• ≥ 3 erosions on MRI or HR PQCT
  • Women of childbearing potential or men capable of fathering children must be using effective contraception during treatment with abatacept and up to 14 weeks after the last dose of abatacept treatment.
  • Must understand and voluntarily sign an informed consent form including written consent for data protection ´- Must be able to adhere to the study visit schedule and other protocol requirements

Exclusion Criteria:

  • Previous exposure to abatacept
  • CCP2 positivity
  • Investigational study drug within 4 weeks (or 5 halflives (half live is 14,3 days), whichever is longer) prior to randomisation
  • Any condition, including the presence of laboratory abnormalities, which places the subject at unacceptable risk if he/she were to participate in the study or confounds the ability to interpret data from the study
  • Any other autoimmune or inflammatory disease such as SLE, PSS, MCTD, SpA, Behcet disease, vasculitis or autoimmune hepatitis.
  • Any malignancy in the last 5 years
  • Chronic infection such as latent TB (TB not adequately treated according to guidelines) or hepatitis B or C infection
  • Immunocompromised or HIV-positive patients
  • Uncontrolled severe concomitant disease
  • Patients who are younger than 18 years or are incapable to understand the aim, importance and consequences of the study and to give legal informed consent (according to § 40 Abs. 4 and § 41 Abs. 2 and Abs. 3 AMG).
  • Pregnant or lactating females
  • Patients who possibly are dependent on the Principal Investigator or

Information from the National Library of Medicine

To learn more about this study, you or your doctor may contact the study research staff using the contact information provided by the sponsor.

Please refer to this study by its ClinicalTrials.gov identifier (NCT number): NCT04106804


Contacts
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Contact: Juergen Rech, MD +49-91318543014 juergen.rech@uk-erlangen.de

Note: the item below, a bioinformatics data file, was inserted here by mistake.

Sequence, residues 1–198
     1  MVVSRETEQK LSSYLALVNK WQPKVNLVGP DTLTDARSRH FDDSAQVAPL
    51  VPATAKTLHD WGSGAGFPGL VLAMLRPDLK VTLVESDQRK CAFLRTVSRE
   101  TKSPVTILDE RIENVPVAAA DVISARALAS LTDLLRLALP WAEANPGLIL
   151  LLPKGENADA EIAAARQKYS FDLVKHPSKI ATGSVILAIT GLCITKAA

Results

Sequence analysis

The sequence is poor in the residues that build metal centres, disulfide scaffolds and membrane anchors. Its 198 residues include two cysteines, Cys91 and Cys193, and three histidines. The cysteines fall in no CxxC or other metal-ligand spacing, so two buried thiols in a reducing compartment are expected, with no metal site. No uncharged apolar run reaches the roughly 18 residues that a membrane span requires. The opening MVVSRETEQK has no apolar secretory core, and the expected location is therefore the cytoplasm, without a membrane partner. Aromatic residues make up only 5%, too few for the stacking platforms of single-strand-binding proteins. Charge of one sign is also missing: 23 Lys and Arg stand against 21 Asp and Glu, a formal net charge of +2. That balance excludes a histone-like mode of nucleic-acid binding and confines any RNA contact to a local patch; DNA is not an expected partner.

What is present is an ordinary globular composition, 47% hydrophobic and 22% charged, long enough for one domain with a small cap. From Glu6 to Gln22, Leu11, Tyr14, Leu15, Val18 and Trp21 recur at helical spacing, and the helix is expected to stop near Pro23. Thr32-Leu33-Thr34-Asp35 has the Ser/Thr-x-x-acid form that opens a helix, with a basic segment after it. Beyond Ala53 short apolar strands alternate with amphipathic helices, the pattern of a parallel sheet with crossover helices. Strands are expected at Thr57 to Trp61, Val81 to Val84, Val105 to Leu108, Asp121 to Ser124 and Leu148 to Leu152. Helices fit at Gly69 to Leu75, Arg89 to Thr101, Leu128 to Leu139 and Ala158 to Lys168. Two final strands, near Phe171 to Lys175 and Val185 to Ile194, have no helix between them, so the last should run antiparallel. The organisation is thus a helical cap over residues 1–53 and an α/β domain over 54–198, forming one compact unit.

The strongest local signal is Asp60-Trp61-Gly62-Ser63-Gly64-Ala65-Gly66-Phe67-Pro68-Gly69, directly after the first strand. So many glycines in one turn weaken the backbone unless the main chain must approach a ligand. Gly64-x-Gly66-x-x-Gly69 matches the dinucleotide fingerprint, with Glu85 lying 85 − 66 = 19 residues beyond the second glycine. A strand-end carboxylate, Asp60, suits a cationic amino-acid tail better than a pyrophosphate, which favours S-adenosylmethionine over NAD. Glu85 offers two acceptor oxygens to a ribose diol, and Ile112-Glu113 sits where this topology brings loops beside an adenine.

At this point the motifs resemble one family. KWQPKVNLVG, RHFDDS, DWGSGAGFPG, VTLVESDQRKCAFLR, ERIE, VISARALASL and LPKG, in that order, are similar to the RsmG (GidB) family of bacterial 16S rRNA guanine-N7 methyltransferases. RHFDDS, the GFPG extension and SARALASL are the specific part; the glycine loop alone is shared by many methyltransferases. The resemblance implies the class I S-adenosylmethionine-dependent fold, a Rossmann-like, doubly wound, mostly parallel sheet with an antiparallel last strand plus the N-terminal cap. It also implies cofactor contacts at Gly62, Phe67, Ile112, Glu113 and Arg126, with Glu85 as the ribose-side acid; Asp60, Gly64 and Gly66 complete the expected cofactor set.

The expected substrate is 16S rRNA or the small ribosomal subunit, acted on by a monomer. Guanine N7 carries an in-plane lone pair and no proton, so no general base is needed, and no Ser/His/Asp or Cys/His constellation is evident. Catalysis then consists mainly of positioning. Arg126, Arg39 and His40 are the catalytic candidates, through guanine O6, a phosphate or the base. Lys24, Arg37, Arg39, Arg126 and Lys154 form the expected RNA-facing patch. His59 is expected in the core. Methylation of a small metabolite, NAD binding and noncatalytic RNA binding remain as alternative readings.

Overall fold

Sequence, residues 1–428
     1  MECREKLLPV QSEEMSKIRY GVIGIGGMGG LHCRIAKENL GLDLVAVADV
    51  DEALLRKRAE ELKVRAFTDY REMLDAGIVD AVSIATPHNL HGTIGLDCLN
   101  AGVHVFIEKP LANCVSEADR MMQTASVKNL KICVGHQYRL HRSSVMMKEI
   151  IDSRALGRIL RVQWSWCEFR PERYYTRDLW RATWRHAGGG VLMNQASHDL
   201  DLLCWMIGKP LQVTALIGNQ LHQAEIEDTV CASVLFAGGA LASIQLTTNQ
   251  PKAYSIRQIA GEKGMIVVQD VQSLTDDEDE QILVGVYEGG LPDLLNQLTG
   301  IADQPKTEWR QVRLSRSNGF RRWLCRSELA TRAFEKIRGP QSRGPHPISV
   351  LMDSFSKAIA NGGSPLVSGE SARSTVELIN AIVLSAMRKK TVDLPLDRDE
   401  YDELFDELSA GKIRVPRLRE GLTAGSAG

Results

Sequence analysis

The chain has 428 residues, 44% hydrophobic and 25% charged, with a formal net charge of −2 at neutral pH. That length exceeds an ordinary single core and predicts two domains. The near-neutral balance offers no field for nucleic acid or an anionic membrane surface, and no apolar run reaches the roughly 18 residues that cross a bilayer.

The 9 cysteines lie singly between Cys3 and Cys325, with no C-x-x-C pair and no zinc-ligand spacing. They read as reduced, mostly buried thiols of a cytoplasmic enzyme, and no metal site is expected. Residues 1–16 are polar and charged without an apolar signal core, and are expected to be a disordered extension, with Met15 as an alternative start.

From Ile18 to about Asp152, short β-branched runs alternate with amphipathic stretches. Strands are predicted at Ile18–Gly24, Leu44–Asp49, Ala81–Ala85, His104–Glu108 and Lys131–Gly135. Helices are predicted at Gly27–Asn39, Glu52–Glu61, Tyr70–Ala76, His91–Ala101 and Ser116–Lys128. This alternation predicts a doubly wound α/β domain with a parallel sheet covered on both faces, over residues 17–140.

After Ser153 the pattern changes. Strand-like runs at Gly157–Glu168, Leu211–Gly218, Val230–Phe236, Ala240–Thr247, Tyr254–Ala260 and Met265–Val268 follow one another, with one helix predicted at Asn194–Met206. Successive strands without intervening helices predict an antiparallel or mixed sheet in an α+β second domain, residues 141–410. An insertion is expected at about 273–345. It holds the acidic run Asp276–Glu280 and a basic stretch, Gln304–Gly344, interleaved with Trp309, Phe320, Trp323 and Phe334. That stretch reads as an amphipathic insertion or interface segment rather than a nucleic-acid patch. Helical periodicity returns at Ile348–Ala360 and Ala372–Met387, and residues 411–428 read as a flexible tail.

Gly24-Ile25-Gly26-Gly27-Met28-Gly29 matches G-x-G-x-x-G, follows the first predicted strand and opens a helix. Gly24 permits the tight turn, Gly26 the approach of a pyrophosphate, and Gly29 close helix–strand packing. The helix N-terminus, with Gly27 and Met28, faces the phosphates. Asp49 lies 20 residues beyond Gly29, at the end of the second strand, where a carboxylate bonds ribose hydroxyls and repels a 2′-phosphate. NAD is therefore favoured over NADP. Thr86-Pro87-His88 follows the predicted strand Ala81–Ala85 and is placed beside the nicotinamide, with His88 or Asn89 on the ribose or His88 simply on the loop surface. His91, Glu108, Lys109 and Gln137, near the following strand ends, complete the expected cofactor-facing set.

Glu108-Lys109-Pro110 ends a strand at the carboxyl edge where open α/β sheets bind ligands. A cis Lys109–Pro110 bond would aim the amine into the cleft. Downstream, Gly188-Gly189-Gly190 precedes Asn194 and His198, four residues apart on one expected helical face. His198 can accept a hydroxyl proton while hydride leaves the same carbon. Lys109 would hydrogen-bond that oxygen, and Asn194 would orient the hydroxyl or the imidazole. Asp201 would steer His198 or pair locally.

Locations
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Germany
University Clinic Erlangen, Medical Department 3, Rheumatology & Immunology Recruiting
Erlangen, Germany, 91054
Contact: Dagmar Werner    +49-91318532093    dagmar.werner@uk-erlangen.de   
Sponsors and Collaborators
University of Erlangen-Nürnberg Medical School

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Responsible Party: University of Erlangen-Nürnberg Medical School
ClinicalTrials.gov Identifier: NCT04106804     History of Changes
Other Study ID Numbers: ABEPSA_BB
First Posted: September 27, 2019    Key Record Dates
Last Update Posted: September 27, 2019
Last Verified: September 2019
Individual Participant Data (IPD) Sharing Statement:
Plan to Share IPD: No

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Studies a U.S. FDA-regulated Drug Product: No
Studies a U.S. FDA-regulated Device Product: No
Product Manufactured in and Exported from the U.S.: No
Keywords provided by University of Erlangen-Nürnberg Medical School:
Psoriatic arthritis; Bone
Additional relevant MeSH terms:
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Psoriasis
Abatacept
Arthritis
Arthritis, Psoriatic
Joint Diseases
Musculoskeletal Diseases
Spondylarthropathies
Spondylarthritis
Spondylitis
Spinal Diseases
Bone Diseases
Skin Diseases, Papulosquamous
Skin Diseases
Immunosuppressive Agents
Immunologic Factors
Physiological Effects of Drugs
Antirheumatic Agents